Any suggestions for next time?

    1. Hi PJ,
      Great question. Usually, when I start a book, I always have two unmarried friends for the heroine. As I write the first book, I don’t worry too much about timeline. I’ll put some description at the beginning and at the end. After I finish, I go back and work on the timeline. I hand write the description of each scene on paper, then start adding time markers and season description.
      At the same time, I make notes at the end of my timeline on character descriptions, how old children are at the beginning and end of the book and how much time the book covered. Those notes go into helping me write the next book.
      My Texas rodeo series was supposed to only be three books. But when I got the chance to continue it, I had one single, dangling character left. She became book four and I gave her a sister and a cousin to carry on for three more books. Then when I finished that series, I realized I’d created other characters who could have their own stories. I haven’t got the go ahead for three more books yet, but I’m hopeful.
      I heard an author who wrote 9 books in a series speak once. With each new book, she still went into the POV of all her initial characters, so she had dozens of POV’s to keep up with. I don’t do that. Each book is hero and heroine POV focused.
      The characters in the books before might make appearances since they all live in the same town and all of them are friends or have connections. But when my characters from older books show up, they are side characters in the new story and I don’t get into their POV’s. It’s less confusing that way.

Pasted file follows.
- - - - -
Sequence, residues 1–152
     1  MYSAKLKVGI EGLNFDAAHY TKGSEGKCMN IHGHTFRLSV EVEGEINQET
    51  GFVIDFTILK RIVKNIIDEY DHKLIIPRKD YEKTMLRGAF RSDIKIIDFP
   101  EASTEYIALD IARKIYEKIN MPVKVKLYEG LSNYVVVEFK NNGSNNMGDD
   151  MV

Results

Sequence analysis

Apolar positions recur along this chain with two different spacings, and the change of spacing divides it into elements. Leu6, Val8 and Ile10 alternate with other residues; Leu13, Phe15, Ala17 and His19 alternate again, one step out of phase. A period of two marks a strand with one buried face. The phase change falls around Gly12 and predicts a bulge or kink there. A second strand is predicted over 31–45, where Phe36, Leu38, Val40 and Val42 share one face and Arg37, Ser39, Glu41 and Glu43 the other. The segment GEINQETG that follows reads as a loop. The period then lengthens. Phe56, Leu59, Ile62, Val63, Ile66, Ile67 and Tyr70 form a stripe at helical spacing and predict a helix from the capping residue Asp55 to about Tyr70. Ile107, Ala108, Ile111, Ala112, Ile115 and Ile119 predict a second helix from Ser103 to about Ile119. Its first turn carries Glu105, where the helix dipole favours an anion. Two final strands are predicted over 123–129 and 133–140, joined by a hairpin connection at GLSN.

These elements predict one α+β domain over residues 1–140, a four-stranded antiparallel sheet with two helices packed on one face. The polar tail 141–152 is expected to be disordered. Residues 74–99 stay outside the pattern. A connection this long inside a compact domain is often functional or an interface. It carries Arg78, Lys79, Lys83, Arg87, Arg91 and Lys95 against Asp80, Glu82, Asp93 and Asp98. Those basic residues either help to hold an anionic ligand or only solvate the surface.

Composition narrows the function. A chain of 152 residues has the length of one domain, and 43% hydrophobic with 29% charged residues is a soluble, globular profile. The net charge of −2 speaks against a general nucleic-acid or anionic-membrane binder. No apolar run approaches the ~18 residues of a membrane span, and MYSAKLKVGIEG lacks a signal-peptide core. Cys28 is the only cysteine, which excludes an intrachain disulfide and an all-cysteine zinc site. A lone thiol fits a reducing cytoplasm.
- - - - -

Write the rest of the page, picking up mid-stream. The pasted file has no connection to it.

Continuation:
Hope that helps.

  2. You’re right about word pet peeves. Of course at the moment I can’t think of any examples BUT often I’ll be reading different authors and they overuse some statements of adjectives over & over & over. I’m always thinking….create a new one!

    Ready to read this one now!

  3. Hi Shannon. I always like your answers in interviews. You and I have a lot of things we oth like, so I’m sure I’ve got many, many years on you. Can’t go wrong with Snicker bars and Turtles. And have you ever had a Snicker Blizzard from Dairy Queen. I feel sure you would love it since you like the Snicker ice cream bar. If you haven’t hope you will try it. I was also tame when I was in school. Never really wanted to do things that I wasn’t suppose to. My kids and friends have a hard time dealing with this, but it is true. I grew up in a very small also. Love small towns. I sure would love to win this Rodeo book. The one I have is lonely. 🙂 Please put my name. And thanks to Katy Lee for having you as a guest. Maxie mac262(at)me(dot)com

    1. Hey Maxie,
      I’ll just say it – I’m 48. People think I’m younger than that since my only child is 11, but we just started late after 18 years of marriage. Talk about life-changing, but it was planned, so we were ready.
      I haven’t tried the Snicker Blizzard. All of our Dairy Queens around here closed several years back. Before that, I loved the Chocolate Covered Cherry Blizzard. Yep, I like that candy too, but not the kind with the cream. The kind that just has juice and the cherry inside. Yum!
      I’m definitely a rule-follower. And my family has a hard time with that too. They say I have no gray area. Everything is black or white – right or wrong.

  4. Would love to read this story! I’m seeing it make the rounds and it sounds fun! Thanks for the giveaway, and best wishes, Shannon, on the success of this release!